Home cooking? But our Grandma’s grew up in the Industrial Age…


Truthfully, it was our Great Grandmothers and Great Great Grandmothers, that grew up in the Industrial Age, depending on your age. During this time, women were usually the preparers of food for the family depending on affluence. Most of our grandparents grew up in the midst of mass manufacturing of food in cans and boxes and large cattle feedlots.  Not quite the picture of lush green rolling pastoral hills dotted with healthy cows we see in TV advertisements, although smaller farmsteads managed to retain some of the older methods. Many urbanites have not had easy access to real food like their rural counterparts and increasingly became reliant on quick and easy foodstuffs. Even then, processed foods became the new normal everywhere, including rural areas. Therefore, what we have learned in our home environments about food, was the wrong way to find, prepare, and eat it. Now we have to un-do these harmful practices and re-learn or build healthy ones.

The Industrial Revolution (1740-1850) introduced less labor-intensive devices such as the seed drill, iron plow, and threshing machines for farmers. Up until the 1900s draft animals were still being used to work the fields.

20th century farming                                 (Photo used by courtesy of Library of Congress)

The word “tractor” was first used by Hart Parr Company in Iowa, 1900, however, their huge machine was very cost-prohibitive, and few could afford it. But by 1916 there were over 100 different companies building tractors. Ford and International Harvester blew up the market with their price wars driving down prices making them more affordable for traditional farmers.

Before the Industrial Revolution, men and women labored at providing enough food for their families often being limited by climate and local resources. The wealthy could import their foods, but most residents consumed a diet limited to nearby fields and forests. Prior to the 18th century, during Middle Ages, agriculture was performed by many residents (peasants) for a local landowner.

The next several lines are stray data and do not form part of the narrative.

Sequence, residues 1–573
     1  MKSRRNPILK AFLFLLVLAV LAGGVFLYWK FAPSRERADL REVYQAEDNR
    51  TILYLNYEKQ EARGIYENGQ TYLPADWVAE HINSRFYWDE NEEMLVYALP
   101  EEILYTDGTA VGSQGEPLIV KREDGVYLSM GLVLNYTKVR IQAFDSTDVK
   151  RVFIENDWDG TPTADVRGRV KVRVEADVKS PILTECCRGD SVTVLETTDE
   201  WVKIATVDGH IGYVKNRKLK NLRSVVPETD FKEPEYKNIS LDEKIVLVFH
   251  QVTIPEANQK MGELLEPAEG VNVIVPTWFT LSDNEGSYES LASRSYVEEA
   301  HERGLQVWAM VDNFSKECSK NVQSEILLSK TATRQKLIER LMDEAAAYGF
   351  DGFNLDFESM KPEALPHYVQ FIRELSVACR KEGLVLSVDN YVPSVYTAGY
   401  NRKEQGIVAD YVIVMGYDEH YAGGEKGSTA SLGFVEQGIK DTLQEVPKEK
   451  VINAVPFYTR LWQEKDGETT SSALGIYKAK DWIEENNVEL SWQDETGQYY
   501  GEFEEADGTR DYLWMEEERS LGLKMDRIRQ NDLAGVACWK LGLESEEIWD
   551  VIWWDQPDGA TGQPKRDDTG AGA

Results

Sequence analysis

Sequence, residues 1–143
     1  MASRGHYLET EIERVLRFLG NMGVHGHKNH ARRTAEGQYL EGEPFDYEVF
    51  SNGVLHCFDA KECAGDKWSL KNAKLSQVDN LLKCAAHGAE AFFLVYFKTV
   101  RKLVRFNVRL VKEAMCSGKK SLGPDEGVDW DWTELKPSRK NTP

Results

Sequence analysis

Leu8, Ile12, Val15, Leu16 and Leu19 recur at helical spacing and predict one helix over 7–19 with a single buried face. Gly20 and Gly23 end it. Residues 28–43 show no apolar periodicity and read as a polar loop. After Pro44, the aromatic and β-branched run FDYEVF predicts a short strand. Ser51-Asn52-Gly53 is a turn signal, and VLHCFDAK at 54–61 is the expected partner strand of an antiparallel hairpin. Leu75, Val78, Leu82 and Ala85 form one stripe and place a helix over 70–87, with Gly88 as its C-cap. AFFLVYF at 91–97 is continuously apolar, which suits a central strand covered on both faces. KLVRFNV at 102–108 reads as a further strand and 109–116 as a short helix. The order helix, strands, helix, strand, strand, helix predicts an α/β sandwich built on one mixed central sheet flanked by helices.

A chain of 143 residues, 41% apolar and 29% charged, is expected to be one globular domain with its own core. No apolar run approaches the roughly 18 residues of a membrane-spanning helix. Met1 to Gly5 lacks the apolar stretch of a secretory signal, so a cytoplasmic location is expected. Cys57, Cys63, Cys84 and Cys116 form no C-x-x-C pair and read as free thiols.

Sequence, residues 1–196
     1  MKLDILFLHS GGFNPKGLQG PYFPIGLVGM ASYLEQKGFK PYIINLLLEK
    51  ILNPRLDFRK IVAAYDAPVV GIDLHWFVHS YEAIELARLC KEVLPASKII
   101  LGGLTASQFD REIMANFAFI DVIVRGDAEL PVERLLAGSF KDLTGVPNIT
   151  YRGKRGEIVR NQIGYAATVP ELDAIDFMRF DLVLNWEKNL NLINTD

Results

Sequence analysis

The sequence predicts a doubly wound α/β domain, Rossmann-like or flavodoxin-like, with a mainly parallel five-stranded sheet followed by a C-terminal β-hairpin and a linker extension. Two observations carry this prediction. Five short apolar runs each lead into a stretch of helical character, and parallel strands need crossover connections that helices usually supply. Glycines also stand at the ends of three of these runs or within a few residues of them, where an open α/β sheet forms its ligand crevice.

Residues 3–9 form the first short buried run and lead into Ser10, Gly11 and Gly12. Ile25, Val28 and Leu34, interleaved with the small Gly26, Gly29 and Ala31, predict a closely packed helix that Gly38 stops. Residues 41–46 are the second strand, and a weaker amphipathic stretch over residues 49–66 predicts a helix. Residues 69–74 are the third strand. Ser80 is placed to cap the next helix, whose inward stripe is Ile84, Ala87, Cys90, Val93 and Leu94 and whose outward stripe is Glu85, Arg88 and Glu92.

Middle Ages Farming                                  Painting by Henry H. Parker (1858-1930)

The Industrial age contributed to the demise of the feudal system as individual wealth and a middle class developed. Instead of farming the land for someone else, farmers were now working their own land, building their own houses, making their own way in the world. Farmsteads existed in small rural communities which enabled them to barter and trade with their neighbors. This type of reciprocity helped to develop strong bonds within the community as they learned to share in their agricultural successes and failures.  Nutrient dense meats and vegetation were still home grown or locally traded and prepared. Preservation included drying, salting, and fermenting. These methods encompass cooking from “scratch” and define real food prepared and consumed in a homestead/farm environment.

By the middle of the 20th century, for urban Americans, homecooked merely meant cooked at home and little resembled the art of raising, butchering, harvesting, preserving, and serving food from the farm. About this time, food manufacturing and the arrival of fast food restaurants forever changed our relationship with food. Somehow, food was no longer the means for survival and health. Instead, it had become a social event.

1961 advertisingEven today, advertising continues to drive consumerism and dupes’ people into buying non-nutritious garbage. Many Americans now eat out multiple times a week and when they do get a “homecooked meal” it is from a box full of processed, refined, and nutrient-starved items slightly resembling food. Truthfully, if we were to compare a box meal to real, living food that is vividly colored and full of rich flavor, there would be no contest. Real food may be more expensive than processed but it is packed full of vitamins, minerals, and enzymes your body craves. And you can grow it in your backyard!                                                                                                               Photo Published in Life magazine, April 14, 1961, Vol. 50 No. 15